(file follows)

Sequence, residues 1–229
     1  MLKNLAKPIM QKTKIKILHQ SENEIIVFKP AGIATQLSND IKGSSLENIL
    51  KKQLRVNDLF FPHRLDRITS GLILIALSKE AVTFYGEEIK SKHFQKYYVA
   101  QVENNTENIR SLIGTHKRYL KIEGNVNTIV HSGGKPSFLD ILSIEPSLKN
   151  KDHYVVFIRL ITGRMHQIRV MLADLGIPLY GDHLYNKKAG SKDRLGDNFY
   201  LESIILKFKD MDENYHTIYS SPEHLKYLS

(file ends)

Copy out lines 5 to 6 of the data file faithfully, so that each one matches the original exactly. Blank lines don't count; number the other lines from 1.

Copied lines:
   151  KDHYVVFIRL ITGRMHQIRV MLADLGIPLY GDHLYNKKAG SKDRLGDNFY
   201  LESIILKFKD MDENYHTIYS SPEHLKYLS